Volume 8, Issue 4 (7-2010)                   IJRM 2010, 8(4): 185-190 | Back to browse issues page

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Akpantah A O, Ekong M B, Uruakpa K C, Akpaso M, Eluwa M A, Ekanem T B. Gonadal histo-morphologies and serum hormonal milieu in female rats treated with azadirachta indica leaf extract. IJRM. 2010; 8 (4) :185-190
URL: http://ijrm.ssu.ac.ir/article-1-189-en.html
1- Department of Anatomy, Faculty of Basic Medical Sciences, University of Calabar, Calabar-Nigeria
2- Department of Anatomy, Faculty of Basic Medical Sciences, University of Calabar, Calabar-Nigeria , mbe_flashpoint@yahoo.com
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Azadirachta indica (A. indica) commonly called neem is a tree whose parts have  diverse  medicinal  values (1-3).  The plant is made up of different alkaloids which include; nimbitin, azadirachtin and salanin (1), whose individual effects contribute to the general properties of the plant. It is documented to have insecticidal properties, as well as, pesticidal abilities (1, 3-7). It also has inhibiting  action  on  a  wide  spectrum  of micro-organisms, including malaria parasites (4,8,9). Its use has also been reported to cause mortality in molluscs and mosquitoes (3, 10), hence, its use as pesticides (4, 11, 12).
A. indica leaves and its constituents exhibit immune-modulatory, anti-inflammatory, anti-hyperglycemic, anti-diabetic and anti-carcinogenic properties (2, 13, 14), and can induce cellular immune reactions (15). The bark extract of this tree has been reported to be useful in the control of gastric hyper-secretion, and gastro-esophageal and gastro-duodenal ulcers (16).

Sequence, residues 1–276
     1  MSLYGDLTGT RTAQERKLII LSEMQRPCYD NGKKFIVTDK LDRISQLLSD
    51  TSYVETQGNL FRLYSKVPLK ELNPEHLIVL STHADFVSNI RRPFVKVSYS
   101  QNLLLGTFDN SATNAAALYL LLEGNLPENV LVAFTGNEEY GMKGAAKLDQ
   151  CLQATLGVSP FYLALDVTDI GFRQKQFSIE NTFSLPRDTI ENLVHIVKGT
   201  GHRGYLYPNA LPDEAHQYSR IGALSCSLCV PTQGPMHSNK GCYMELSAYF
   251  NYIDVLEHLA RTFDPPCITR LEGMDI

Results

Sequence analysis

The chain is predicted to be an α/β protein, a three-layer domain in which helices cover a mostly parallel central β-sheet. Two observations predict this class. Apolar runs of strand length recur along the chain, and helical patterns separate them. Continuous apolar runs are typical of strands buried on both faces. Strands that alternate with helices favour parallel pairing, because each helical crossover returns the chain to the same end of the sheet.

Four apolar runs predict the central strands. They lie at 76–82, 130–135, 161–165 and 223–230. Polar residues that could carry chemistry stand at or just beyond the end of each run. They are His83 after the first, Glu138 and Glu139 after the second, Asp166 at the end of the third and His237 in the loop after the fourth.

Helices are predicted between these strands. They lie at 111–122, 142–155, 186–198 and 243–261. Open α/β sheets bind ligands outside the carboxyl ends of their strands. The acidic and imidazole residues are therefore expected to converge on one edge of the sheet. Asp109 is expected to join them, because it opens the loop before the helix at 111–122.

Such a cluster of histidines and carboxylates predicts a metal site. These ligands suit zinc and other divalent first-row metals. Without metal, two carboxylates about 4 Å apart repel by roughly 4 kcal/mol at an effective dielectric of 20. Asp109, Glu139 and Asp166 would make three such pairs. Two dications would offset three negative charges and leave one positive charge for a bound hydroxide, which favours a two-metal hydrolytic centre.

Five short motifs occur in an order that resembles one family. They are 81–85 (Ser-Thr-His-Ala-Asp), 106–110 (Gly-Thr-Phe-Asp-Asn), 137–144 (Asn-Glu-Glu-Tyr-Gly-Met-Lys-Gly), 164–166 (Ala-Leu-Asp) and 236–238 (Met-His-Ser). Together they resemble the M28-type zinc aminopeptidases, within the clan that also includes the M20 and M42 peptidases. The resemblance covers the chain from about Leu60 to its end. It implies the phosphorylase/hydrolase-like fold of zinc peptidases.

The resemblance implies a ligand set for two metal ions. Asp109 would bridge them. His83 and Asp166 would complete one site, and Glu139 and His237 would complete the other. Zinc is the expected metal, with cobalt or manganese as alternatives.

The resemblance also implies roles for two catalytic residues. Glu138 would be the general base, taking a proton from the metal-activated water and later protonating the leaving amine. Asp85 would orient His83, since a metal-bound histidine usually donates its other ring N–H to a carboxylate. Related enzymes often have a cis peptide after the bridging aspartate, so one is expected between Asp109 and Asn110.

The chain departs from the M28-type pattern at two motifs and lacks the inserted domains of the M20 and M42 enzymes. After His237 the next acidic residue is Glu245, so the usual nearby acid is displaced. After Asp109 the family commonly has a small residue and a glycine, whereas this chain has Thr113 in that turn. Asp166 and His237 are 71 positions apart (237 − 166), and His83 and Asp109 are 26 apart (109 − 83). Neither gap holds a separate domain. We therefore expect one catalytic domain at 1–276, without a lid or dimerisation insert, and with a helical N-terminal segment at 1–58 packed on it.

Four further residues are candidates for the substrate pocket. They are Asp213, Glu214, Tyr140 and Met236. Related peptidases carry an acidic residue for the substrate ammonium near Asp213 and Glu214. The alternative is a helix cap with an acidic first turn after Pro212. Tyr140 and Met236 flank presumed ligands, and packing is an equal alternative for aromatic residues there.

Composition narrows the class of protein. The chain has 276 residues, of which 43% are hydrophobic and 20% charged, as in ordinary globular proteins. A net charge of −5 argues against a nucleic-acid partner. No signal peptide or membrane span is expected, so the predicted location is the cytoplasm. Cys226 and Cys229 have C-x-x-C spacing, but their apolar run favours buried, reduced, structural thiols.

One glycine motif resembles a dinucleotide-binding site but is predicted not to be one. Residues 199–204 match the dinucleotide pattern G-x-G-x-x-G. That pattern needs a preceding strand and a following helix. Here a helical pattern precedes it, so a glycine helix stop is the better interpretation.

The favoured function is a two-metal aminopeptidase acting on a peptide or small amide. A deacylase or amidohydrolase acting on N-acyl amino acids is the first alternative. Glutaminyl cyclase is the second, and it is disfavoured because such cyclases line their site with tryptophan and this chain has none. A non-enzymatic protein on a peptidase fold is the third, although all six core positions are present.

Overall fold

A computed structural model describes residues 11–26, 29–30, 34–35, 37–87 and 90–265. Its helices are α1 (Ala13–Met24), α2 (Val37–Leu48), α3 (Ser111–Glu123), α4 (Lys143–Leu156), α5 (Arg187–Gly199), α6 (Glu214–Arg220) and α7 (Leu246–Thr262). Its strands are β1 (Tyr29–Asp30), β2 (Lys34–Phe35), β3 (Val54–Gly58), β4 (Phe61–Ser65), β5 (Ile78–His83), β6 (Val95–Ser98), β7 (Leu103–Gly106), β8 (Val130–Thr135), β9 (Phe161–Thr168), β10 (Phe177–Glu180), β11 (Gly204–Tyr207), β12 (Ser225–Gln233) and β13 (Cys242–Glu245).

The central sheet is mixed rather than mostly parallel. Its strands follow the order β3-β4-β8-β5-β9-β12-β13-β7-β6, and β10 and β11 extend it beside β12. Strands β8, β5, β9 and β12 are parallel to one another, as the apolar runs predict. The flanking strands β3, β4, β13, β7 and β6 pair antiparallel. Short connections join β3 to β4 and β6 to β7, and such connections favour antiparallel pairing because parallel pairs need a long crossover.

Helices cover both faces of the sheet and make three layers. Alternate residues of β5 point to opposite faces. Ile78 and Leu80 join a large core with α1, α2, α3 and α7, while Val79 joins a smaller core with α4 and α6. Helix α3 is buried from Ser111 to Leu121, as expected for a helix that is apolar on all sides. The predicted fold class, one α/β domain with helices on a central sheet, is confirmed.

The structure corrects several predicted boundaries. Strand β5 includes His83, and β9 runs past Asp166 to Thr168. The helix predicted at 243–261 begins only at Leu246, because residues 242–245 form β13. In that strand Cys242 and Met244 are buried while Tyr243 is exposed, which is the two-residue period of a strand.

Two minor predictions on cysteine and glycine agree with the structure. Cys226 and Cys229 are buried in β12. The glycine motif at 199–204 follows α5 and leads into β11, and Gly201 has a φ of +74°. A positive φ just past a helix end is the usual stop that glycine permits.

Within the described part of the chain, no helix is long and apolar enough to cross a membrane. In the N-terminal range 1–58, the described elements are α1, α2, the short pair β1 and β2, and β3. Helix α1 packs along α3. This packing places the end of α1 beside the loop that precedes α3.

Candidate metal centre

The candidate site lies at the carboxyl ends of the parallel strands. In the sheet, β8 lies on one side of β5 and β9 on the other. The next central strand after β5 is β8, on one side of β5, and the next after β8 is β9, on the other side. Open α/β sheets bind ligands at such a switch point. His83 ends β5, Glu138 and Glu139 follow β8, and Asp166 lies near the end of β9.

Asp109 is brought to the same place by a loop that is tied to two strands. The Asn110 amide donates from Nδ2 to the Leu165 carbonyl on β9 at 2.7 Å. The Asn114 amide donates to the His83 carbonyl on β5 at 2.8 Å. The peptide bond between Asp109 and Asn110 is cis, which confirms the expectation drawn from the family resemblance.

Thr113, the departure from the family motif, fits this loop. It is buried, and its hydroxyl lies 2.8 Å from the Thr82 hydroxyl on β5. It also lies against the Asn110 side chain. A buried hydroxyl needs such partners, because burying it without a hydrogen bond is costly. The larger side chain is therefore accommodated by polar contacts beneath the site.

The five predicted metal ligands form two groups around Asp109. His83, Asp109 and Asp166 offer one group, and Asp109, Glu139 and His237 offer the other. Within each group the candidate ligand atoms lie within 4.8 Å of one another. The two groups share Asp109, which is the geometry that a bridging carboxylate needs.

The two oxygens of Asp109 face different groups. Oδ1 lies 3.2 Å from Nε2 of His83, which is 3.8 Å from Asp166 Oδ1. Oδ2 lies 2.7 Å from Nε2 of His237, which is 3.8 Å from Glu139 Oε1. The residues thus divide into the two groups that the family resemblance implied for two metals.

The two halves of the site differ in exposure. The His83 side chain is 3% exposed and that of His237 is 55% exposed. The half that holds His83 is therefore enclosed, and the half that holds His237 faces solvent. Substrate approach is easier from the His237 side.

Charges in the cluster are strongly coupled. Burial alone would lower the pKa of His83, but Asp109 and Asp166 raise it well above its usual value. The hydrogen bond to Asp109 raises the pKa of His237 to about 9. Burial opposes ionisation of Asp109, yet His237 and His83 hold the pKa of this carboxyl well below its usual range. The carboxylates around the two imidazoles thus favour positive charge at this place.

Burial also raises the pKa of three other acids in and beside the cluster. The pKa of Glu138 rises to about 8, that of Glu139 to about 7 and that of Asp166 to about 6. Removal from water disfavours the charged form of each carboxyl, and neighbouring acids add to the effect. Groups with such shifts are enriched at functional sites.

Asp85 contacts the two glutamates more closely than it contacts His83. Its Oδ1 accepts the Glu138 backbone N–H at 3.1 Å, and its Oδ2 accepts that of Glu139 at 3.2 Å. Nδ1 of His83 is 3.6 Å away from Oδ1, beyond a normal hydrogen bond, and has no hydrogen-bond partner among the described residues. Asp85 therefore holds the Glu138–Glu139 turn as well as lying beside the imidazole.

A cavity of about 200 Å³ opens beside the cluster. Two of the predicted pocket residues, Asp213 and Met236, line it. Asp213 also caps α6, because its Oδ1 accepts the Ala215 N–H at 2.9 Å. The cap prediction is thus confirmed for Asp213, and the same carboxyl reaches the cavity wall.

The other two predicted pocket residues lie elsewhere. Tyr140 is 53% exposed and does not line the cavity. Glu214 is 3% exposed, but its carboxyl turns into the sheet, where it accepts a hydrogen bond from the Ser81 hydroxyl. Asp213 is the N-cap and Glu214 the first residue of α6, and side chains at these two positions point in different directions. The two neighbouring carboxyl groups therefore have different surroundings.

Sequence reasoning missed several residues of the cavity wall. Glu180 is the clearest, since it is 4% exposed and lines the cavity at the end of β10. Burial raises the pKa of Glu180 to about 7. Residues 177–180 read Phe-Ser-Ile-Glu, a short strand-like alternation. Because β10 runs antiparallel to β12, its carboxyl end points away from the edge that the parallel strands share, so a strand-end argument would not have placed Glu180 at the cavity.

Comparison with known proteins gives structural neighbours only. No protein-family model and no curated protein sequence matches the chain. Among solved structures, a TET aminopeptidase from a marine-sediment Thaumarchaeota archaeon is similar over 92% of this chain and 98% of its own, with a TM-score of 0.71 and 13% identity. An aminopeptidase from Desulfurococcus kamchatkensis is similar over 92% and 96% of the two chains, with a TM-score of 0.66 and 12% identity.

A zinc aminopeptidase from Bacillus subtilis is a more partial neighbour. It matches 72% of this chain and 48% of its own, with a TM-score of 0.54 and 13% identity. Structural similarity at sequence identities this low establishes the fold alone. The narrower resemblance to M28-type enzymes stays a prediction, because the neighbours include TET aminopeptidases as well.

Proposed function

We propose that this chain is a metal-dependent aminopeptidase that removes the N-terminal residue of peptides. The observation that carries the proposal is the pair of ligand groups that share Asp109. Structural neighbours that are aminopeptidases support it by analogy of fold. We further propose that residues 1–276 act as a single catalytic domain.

Some anti-fertility effects of the leaf extracts of A. indica have been reported. The crude leaf extract has been reported to cause reduced serum levels of testosterone and luteinizing hormones (17, 18), and reduced sperm counts with abnormal-shaped spermatozoa (19). Immuno-contraceptive activity (15, 20), inhibition of folliculogenesis (21) and reversible alterations in the male reproductive organ by aqueous leaf extract have also been reported (22).
Most reported effects of neem are centred on research on the seed and oil extracts, and where the leaf extracts are researched, it is mostly on the males. On the other hand, the leaf extracts happens to be the most commonly consumed part of A. indica in this part of the world. Hence reports on the seed and oil extracts as researched on the females necessitated this study on the effect of the methanol leaf extracts on the female gonads and the pituitary-gonadal hormone levels.
Materials and methods
     This is an original experimental research, and eighteen adult female Wistar rats (Rattus norvegicus) were assigned equally into three groups of A, B and C. The animals whose weights ranged 110-150g were acclimatized for two weeks before the commencement of the experiment in the animal house of the Department of Anatomy. The Care and Management of Laboratory Animals was followed strictly after ethical approval was sort from the Ethics Committee of the University. Feeds and water were allowed ad libitum. Fresh neem leaves were shade-dried and grounded into fine powder with an electric blender, and the powder weighed to be 220g. Soxhlet extractor using absolute methanol was employed in the extraction leaving a stock solution of 40g.
     Briefly, 220g of A. indica (neem) powder was homogenized by blending it with 220ml of absolute methanol. The mixture was allowed to stand for 48hrs in the refrigerator at 4oC for thorough extraction of the plants’ active components. These were then filtered with cheese cloth, and later with Whatman No. 1 filter paper to obtain a homogenous filtrate. These filtrates were then concentrated in vacuo at 37- 40oC to about one-tenth the original volume using a rotary evaporator. The concentrates were allowed open in a water bath (40oC) for complete dryness yielding 40g of brown oily A. indica. The extracts were then refrigerated at 4oC until use. Distilled water was used to dilute this stock solution to concentrations of 200mg/kg and 400mg/kg.
     Group A animals served as the control group and the animals received distilled water, while groups B and C were the experimental groups, and were treated with 200mg/kg and 400mg/kg of the leaf extract respectively for fourteen days. The administration was by oral intubation and was done in the mornings.